A Great Dane has given an 11-year-old girl in Woburn, Massachusetts, a new “leash” on life. Bella has Morquio syndrome, a metabolic disorder in which the sugar molecules are not correctly broken down, disrupting the system and attacking the bone growth. Bella was diagnosed at age two, and since that time has gone through nine major surgeries. Bella had a lot of trouble with mobility, despite the medical treatments.
The Great Dane is the breed of choice for people with mobility issues, and the dogs are specially trained for the job by the Service Dog Project. A nonprofit based in Ipswich, Massachusetts, their website explains why they chose Great Danes to d0 the work.
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“Great Danes are well suited to home and office life. The fact that Danes require less exercise than many breeds is a good fit for some people with disabilities. Danes are content to have a few walks every day and then nap in the corner until their services are needed. Their perfect public persona makes them very conducive to help with the isolation and depression which often accompanies disabilities.”
A 12-acre facility with an arena and heated kennels, the Service Dog project raises Great Danes from the time they are puppies. They have a staff of 30 volunteers to work with the dogs. They are entirely funded by donations and corporate support. Puppies are born at the facility, bred from a line of four generations of working Danes, and some imports from Europe. The pups are handled profusely from birth, including being bottle fed goat’s milk in addition to nursing, and then spoon fed when weaned. They are taught from the beginning that no food aggression is allowed. Volunteers take the puppies around the farm and handle them daily.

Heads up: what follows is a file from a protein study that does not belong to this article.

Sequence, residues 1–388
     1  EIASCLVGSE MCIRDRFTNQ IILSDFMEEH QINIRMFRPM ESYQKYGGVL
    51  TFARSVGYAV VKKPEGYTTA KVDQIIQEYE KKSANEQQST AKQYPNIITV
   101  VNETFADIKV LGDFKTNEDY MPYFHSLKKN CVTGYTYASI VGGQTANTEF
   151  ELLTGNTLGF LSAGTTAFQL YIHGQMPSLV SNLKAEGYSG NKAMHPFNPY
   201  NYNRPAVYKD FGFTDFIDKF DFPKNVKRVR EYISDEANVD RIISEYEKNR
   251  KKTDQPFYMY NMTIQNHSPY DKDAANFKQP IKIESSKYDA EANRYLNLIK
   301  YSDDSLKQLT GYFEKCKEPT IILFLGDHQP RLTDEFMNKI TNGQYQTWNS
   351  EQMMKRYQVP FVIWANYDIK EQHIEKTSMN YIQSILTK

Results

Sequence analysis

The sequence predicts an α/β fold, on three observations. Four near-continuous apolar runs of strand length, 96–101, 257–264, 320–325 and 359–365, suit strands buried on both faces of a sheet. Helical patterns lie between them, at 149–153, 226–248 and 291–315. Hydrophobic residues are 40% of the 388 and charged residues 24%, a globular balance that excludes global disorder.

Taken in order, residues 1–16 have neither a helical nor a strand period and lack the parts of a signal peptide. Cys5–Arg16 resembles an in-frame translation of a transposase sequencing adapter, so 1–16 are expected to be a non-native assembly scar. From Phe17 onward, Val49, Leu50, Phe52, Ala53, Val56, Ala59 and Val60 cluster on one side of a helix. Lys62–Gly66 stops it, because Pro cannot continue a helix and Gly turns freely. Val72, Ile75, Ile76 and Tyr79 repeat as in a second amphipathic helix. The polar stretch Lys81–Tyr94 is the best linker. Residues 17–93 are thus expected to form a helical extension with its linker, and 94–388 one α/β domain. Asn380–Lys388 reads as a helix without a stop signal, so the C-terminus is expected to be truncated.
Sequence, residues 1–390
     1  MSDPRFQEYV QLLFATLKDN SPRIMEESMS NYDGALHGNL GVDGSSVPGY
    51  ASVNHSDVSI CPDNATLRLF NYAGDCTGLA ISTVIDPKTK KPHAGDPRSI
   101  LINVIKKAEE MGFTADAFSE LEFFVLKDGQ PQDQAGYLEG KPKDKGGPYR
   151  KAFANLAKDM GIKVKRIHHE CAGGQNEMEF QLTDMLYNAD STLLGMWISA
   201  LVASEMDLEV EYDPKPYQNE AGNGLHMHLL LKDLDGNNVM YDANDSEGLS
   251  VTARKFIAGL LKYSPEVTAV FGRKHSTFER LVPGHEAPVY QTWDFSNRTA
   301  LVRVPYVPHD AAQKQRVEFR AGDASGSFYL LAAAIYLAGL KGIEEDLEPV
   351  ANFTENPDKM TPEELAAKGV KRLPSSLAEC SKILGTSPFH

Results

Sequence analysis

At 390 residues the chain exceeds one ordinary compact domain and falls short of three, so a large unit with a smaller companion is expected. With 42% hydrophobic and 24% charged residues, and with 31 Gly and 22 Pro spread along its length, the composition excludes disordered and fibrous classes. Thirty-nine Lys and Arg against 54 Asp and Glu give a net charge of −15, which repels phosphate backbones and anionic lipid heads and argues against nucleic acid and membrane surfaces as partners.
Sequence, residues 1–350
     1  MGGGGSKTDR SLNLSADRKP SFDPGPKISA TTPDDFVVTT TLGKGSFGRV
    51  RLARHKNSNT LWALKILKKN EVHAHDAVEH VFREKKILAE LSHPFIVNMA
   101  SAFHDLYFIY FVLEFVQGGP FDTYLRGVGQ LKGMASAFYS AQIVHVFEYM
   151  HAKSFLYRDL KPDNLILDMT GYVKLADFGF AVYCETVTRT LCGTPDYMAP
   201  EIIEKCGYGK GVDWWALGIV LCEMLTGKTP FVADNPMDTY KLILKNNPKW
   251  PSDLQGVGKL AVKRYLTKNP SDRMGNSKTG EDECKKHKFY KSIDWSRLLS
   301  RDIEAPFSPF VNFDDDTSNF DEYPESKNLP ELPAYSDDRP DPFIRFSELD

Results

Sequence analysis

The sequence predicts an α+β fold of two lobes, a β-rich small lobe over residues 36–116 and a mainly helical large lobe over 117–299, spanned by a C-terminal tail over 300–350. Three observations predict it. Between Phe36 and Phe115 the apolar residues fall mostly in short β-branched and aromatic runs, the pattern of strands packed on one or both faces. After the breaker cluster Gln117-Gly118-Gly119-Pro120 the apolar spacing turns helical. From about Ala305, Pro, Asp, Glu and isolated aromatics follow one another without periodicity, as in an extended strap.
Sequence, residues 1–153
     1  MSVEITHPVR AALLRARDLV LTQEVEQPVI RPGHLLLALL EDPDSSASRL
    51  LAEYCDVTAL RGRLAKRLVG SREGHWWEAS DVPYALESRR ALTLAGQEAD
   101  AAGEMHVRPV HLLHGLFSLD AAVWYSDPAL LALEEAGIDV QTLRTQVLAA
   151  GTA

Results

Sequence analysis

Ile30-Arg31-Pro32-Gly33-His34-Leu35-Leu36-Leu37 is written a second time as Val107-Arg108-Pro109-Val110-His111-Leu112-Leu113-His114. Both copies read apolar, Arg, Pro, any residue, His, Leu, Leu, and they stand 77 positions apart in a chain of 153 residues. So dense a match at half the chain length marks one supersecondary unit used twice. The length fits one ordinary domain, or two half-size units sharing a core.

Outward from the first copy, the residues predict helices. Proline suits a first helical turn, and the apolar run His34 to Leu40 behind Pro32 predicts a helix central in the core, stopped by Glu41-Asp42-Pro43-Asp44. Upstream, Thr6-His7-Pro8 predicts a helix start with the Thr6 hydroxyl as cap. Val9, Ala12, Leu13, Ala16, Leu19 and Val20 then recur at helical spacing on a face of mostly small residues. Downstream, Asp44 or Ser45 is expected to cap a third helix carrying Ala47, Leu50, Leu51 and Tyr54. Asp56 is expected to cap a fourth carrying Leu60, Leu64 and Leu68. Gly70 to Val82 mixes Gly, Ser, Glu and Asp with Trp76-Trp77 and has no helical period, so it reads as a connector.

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As pups grow, their personalities are evaluated and they continue to be socialized, in public settings as well as with the adult dogs. By the time they are a year old, they have had extensive obedience training, both on and off lead. The website explains what happens with puppies who, for whatever reason, don’t make the cut.
“We have a very low percentage of “fabulous failures” but when we do they are adopted by caring people usually our volunteers.”
Once the dogs reach maturity, they are trained to match the speed of the handler, ease through doorways and narrow spaces, and focus on the task at hand in spite of various distractions. The dogs are also mellow enough to fall asleep anywhere in public during resting periods.
By this time, there is a recipient in mind for the particular dog, and the training becomes specific for the future handler’s needs. The dogs learn to pick items up, open doors, pull wheelchairs, or act as a brace, depending on whatever the job will require.
Bella was presented with her 2-year-old black and white Dane, named George, in January 2015. According to WCBV5 News, Bella said it didn’t take them long to get acquainted, and the experience was life-changing.
“I had wheelchairs, walkers, Canadian crutches, regular crutches, and then we got George and I dropped my crutches and started to use him.”
The size difference is remarkable. Bella weighs about 44 pounds. George tips the scales at around 136. He stands right about armpit height, offering her maximum stability.
Bella and George have their own Facebook page, so friends and fans can see what they are up to. They have racked up a following of over 17,000. For his excellent service, George is one of five dogs to receive the AKC Ace Award, which “honors dogs that have had a significant impact on their owners and communities.”
There is plenty more excitement for Bella, as she will be featured on a Japanese TV show about animals in March.
HNGN reports that Bella has grown stronger since having George. There is no cure for Morquio syndrome, but there are treatments. Bella has benefited from enzyme transfusions, and one very special Great Dane.
[Image via Frank Franklin II/AP Photo]